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Data analysis can be slow. A round of scientific computation can take several minutes, hours, or even days to complete. After it finishes, if you update your code or data, your hard-earned results may no longer be valid. How much of that valuable output can you keep, and how much do you need to update? How much runtime must you endure all over again?

For projects in R, the drake package can help. It analyzes your workflow, skips steps with up-to-date results, and orchestrates the rest with optional distributed computing. At the end, drake provides evidence that your results match the underlying code and data, which increases your ability to trust your research.

Videos

Visit the first page of the manual to watch a 6-minute introduction.

video



The rOpenSci Community Call from 2019-09-24 is a much longer presentation on drake (20 min talk, 35 min Q&A). Visit the call’s page for links to additional resources, and chime in here to propose and vote for ideas for new Community Call topics and speakers.

commcall


What gets done stays done.

Too many data science projects follow a Sisyphean loop:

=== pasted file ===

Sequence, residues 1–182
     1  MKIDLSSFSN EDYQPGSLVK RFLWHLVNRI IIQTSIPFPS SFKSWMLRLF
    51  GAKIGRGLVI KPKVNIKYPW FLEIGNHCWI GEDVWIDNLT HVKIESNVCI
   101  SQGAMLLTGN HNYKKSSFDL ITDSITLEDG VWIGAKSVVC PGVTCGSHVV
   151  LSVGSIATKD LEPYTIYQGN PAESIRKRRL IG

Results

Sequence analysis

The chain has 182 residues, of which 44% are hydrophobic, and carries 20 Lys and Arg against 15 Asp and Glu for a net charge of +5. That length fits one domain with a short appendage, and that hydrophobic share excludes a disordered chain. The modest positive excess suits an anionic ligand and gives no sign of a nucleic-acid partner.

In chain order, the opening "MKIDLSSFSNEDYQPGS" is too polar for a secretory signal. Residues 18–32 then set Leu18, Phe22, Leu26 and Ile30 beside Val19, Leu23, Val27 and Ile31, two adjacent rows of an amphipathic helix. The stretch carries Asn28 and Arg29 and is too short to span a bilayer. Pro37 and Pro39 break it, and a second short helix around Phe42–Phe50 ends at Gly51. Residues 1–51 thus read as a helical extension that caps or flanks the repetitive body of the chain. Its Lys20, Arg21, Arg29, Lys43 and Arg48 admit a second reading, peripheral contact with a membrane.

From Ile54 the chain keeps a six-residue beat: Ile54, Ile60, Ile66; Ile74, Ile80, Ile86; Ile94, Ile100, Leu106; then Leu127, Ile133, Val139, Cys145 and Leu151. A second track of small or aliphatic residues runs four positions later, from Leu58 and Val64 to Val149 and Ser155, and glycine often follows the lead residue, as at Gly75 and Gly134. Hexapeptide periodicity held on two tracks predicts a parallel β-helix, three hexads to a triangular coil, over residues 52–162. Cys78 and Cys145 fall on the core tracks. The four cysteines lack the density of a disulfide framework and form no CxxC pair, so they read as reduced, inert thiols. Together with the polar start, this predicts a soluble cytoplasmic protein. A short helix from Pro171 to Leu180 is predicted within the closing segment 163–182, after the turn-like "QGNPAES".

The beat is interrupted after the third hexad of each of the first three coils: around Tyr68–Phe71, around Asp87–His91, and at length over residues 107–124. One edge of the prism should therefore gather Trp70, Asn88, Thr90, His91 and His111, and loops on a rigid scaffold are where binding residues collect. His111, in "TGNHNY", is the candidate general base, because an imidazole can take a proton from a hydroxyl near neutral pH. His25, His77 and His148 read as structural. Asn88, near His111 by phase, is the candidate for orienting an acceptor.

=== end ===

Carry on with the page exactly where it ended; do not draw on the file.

1. Launch the code.
  2. Wait while it runs.
  3. Discover an issue.
  4. Rerun from scratch.

For projects with long runtimes, people tend to get stuck.

tweet


But with drake, you can automatically

  1. Launch the parts that changed since last time.
  2. Skip the rest.

How it works

To set up a project, load your packages,

library(drake)
library(dplyr)
library(ggplot2)

load your custom functions,

create_plot <- function(data) {
  ggplot(data, aes(x = Petal.Width, fill = Species)) +
    geom_histogram()
}

check any supporting files (optional),

and plan what you are going to do.

So far, we have just been setting the stage. Use make() to do the real work. Targets are built in the correct order regardless of the row order of plan.

Except for files like report.html, your output is stored in a hidden .drake/ folder. Reading it back is easy.

You may look back on your work and see room for improvement, but it’s all good! The whole point of drake is to help you go back and change things quickly and painlessly. For example, we forgot to give our histogram a bin width.